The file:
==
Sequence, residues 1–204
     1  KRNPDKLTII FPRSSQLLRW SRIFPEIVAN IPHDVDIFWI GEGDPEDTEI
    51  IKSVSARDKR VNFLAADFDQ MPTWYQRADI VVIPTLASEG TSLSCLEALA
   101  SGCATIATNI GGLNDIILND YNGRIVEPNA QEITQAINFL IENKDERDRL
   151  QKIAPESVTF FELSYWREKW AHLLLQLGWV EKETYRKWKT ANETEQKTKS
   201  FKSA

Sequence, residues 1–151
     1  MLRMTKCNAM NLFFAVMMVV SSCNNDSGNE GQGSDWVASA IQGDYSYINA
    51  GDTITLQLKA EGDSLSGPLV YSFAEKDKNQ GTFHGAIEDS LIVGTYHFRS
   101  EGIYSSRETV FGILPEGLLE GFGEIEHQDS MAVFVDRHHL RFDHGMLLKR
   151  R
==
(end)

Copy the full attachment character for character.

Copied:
Sequence, residues 1–204
     1  KRNPDKLTII FPRSSQLLRW SRIFPEIVAN IPHDVDIFWI GEGDPEDTEI
    51  IKSVSARDKR VNFLAADFDQ MPTWYQRADI VVIPTLASEG TSLSCLEALA
   101  SGCATIATNI GGLNDIILND YNGRIVEPNA QEITQAINFL IENKDERDRL
   151  QKIAPESVTF FELSYWREKW AHLLLQLGWV EKETYRKWKT ANETEQKTKS
   201  FKSA

Sequence, residues 1–151
     1  MLRMTKCNAM NLFFAVMMVV SSCNNDSGNE GQGSDWVASA IQGDYSYINA
    51  GDTITLQLKA EGDSLSGPLV YSFAEKDKNQ GTFHGAIEDS LIVGTYHFRS
   101  EGIYSSRETV FGILPEGLLE GFGEIEHQDS MAVFVDRHHL RFDHGMLLKR
   151  R